In 1819, as part of the Louisiana Purchase, Arkansas became a separate territory and later on June 15, 1836, it achieved statehood as the 25th state. It was the ninth state to secede from the union and join the Confederate States of America. Today, Arkansas is the 29th largest by area and the 33rd most populous of the 50 United States.
Located in the southern region of the United States. Its neighbors are Missouri to the north, Tennessee and Mississippi to the east, Louisiana to the south, Texas to the southwest and Oklahoma to the west. The state’s diverse geography ranges from the mountainous regions of the Ozark and the Ouachita Mountains, which make up the U.S. Interior Highlands, to the densely forested land in the south known as the Arkansas Timberlands, to the eastern lowlands along the Mississippi River and the Arkansas Delta. The capital city, Little Rock, is positioned in the central portion of the state. The largest city in the state’s eastern part is Jonesboro. The largest city in the state’s southeastern part is Pine Bluff.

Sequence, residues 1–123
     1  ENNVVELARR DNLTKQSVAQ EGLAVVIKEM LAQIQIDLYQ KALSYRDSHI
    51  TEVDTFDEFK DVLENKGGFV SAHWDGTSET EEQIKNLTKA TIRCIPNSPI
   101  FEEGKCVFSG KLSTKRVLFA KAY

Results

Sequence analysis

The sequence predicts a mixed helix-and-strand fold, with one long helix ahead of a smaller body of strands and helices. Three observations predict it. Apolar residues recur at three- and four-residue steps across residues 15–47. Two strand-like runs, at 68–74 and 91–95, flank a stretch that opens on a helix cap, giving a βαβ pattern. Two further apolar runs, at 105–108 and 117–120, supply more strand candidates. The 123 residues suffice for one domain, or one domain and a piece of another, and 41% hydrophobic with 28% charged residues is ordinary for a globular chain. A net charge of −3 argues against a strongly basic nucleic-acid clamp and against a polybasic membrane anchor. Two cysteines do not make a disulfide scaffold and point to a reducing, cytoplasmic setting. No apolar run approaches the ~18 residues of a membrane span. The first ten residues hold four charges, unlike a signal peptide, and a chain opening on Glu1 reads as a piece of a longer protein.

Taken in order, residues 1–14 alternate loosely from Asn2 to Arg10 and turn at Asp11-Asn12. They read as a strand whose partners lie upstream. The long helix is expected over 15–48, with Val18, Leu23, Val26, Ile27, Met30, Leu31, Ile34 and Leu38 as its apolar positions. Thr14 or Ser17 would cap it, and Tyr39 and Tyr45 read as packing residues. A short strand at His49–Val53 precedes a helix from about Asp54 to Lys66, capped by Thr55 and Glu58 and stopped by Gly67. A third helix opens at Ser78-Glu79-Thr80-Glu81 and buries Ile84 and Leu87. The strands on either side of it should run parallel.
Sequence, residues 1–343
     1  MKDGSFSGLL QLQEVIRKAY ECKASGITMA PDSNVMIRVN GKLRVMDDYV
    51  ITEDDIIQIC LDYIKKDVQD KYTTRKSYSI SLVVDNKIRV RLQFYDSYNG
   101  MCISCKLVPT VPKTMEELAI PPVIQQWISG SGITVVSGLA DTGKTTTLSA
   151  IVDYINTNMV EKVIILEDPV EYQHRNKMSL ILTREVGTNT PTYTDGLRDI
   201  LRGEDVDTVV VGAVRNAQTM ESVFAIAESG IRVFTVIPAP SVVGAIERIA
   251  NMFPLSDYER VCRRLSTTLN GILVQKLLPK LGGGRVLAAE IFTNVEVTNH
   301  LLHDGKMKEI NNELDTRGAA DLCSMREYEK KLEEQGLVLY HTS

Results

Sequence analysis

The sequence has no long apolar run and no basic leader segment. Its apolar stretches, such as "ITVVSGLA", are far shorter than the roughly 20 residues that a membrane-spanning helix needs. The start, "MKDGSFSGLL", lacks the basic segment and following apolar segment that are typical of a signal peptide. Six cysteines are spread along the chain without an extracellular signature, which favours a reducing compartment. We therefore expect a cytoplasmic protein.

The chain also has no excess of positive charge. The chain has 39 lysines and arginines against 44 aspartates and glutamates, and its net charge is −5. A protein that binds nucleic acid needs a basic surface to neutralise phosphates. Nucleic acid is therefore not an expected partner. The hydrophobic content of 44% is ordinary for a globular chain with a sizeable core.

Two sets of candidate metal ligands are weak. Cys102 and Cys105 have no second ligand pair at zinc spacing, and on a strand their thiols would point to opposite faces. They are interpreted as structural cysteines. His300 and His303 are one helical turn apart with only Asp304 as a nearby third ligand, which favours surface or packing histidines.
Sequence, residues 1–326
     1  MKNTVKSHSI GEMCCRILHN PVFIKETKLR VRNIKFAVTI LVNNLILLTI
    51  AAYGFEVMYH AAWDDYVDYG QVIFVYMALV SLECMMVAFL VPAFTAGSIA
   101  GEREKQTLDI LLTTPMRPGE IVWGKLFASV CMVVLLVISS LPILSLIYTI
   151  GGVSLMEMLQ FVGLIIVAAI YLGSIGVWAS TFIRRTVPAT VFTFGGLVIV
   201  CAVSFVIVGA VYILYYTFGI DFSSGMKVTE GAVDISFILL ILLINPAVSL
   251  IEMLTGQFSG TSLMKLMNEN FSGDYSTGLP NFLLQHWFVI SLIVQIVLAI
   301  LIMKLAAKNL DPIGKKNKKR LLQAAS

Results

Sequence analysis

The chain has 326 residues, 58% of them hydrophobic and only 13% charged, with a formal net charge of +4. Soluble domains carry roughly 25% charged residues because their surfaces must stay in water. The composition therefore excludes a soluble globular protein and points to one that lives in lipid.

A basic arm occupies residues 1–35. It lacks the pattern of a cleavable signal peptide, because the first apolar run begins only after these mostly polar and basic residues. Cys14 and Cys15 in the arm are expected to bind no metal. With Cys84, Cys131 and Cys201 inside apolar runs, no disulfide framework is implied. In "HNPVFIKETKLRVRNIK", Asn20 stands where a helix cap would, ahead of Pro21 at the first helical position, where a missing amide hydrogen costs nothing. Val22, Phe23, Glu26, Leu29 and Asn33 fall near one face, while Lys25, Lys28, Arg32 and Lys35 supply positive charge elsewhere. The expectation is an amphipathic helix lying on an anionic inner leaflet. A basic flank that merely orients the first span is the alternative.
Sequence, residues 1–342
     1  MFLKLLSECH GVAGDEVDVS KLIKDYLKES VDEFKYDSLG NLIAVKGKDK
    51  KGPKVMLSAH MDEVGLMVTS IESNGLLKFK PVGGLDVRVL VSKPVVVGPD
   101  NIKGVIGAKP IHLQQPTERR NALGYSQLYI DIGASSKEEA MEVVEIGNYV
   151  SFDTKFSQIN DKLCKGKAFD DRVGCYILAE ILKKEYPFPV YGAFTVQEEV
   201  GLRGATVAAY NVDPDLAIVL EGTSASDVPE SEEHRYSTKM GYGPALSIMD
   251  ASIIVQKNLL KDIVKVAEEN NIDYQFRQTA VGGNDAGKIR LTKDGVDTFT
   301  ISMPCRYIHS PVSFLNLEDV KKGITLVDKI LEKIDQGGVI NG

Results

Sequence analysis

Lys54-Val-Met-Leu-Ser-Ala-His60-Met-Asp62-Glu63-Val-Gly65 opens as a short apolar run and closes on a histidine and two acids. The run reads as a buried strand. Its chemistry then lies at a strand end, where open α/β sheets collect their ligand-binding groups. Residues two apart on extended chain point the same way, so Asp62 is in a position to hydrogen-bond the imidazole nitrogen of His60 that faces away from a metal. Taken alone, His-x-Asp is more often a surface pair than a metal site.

Arkansas is currently nicknamed The Natural State or The Land of Opportunity. It is also well-known by its former nickname as The Bear State. The state tree is the Pine, the state bird is the Mockingbird and the state flower is the Apple Blossom. The state motto is ‘The People Rule’ (Latin: Regnat populous).
Arkansas is served by 2,750 miles (4,430 km) of railroad track divided among twenty-six railroad companies including three Class I railroads. Freight railroads are concentrated in southeast Arkansas to serve the industries in the region. The Texas Eagle, an Amtrak passenger train, serves five stations in the state Walnut Ridge, Little Rock, Malvern, Arkadelphia, and Texarkana.
Transportation in Arkansas is overseen by the Arkansas Department of Transportation (ArDOT), headquartered in Little Rock. Several main corridors pass through Little Rock, including Interstate 30 (I-30) and I-40 (the nation’s 3rd-busiest trucking corridor). In northeast Arkansas, I-55 travels north from Memphis to Missouri, with a new spur to Jonesboro (I-555). The northwest part of Arkansas is served by the segment of I-49 from Fort Smith to the beginning of the Bella Vista Bypass. This segment of I-49 currently follows mostly the same route as the former section of I-540 that extended north of I-40. The state also has the 13th largest state highway system in the nation.
There are four airports with commercial service: Clinton National Airport, Northwest Arkansas Regional Airport, Fort Smith Regional Airport, and Texarkana Regional Airport, with dozens of smaller airports in the state.
Arkansas also benefits from the use of its rivers for commerce. The Mississippi River and Arkansas River are both major rivers. The United States Army Corps of Engineers maintains the McClellan-Kerr Arkansas River Navigation System, allowing barge traffic up the Arkansas River to the Port of Catoosa in Tulsa, Oklahoma.